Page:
More Discussion About Sim
Posted by Nathan P. on November 29, 2005
Coming from the comments to my Simulationism post.
“After warming a little to GNS following my initial exposure, I’m back to being pretty critical of the concept of Sim (and thus of the entire categorization system). This is motivated largely by the many times that I’ve seen people claim that their games are “Sim” yet include moral decisions or challenges. Of course they’re always told that they’re really playing Nar or Gam.”
Uh….*shrugs* I’m a proponent of the idea that there’s “little-letter” moments of each CA in all instances of roleplay, and I don’t think this is too controversial a claim. Of course Sim can include moral decisions and challenge – all roleplay contains all of the CA processes. It’s when it’s mindful is when it tips over into “a Nar instance of play”, or whatever. I think that the tendency to slide many Sim accounts into Gam or Nar is a combination of the Forge focus and, as Mark W. says, talking about Sim play is oftentimes just not very interesting to those not involved.
For the record, I think that illusionism is bad roleplay, so I’m not gonna really talk about it.
“If that’s all there is to Sim, then I certainly agree with Ron when he says that (based on his own categories), Sim is smaller than originally implied by the essays, and that Sim’s “functional manifestations are quite rare”.”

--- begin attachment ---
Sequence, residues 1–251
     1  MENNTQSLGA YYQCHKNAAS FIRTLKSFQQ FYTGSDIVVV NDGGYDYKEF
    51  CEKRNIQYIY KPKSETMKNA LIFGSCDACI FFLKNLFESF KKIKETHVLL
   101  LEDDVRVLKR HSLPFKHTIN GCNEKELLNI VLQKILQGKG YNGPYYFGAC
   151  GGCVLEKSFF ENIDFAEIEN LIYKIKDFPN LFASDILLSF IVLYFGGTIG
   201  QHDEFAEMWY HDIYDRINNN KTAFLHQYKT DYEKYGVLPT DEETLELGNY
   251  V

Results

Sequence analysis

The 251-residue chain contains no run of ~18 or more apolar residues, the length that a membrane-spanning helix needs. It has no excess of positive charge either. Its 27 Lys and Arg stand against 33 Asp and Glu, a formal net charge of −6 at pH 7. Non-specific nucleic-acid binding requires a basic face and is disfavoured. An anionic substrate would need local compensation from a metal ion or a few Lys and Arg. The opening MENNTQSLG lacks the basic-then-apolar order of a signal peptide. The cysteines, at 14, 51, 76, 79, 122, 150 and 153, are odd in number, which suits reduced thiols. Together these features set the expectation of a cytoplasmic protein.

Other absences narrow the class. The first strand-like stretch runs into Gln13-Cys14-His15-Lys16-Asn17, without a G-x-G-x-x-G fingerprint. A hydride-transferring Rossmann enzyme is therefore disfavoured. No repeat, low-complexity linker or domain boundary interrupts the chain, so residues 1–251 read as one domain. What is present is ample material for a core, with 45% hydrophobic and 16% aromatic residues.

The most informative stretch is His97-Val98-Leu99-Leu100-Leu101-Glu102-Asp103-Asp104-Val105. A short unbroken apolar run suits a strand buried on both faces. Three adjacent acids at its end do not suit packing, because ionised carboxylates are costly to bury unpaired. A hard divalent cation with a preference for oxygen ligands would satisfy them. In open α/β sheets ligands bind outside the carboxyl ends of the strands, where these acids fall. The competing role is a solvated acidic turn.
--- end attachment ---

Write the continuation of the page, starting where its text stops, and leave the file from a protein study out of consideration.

I have no idea. I think Forge AP posts are a bad metric to go by, b/c of various reasons from the last post. Maybe it is quite rare – but then again, intentional play itself is fairly rare as well, right? I will say that I think the theoretical scope of Sim encapsulates a wider variety of play preferences than the scope of Nar or Gam, but it’s more difficult to articulate those preferences.
“By contrast, Sim designs may still be ubiquitous even if Sim play is rare. Why? While Sim play entails not Addressing Premise or Stepping Up, Sim design just has to avoid facilitating those activities. If they happen, they happen, but that’s up to the players. Based on a review I found, as well as your own comment (last paragraph) it sounds like Timestream falls into this category, rather than the more “positive” variety of Metal Opera-type Sim.”
I dig it.
Mark W. sez a lot of good things, but basically “…there’s a huge epistemic barrier to intelligent discussion about what happens in Sim play.”
“I think Mike Holmes is right when he suggests that it’s better to stop worrying about “sim qua sim” and start worrying about “participationism” or “virtuality” or whatever particular flavor of sim that interests you. Because you can’t design for virtual nonfiction and illusionism at the same time, nor can you make illusionist and virtual nonfic-ers happy at the same table with some perfect social contract, any more than a high point-of-contact nar design squares with the vanilla narrativism that I prefer.”
Yeh, I definitly see this. It’s a product of the large scope of play preference – but, I would argue, to the extent that different flavors of Sim can be so different that they don’t even agree they’re doing something similar, while most Nar players have an easier time seeing a design as Nar-supporting, even if it’s not their thing.
Rob: Cool! I definitely want to talk about your stuff, but in it’s own post, hopefully soon.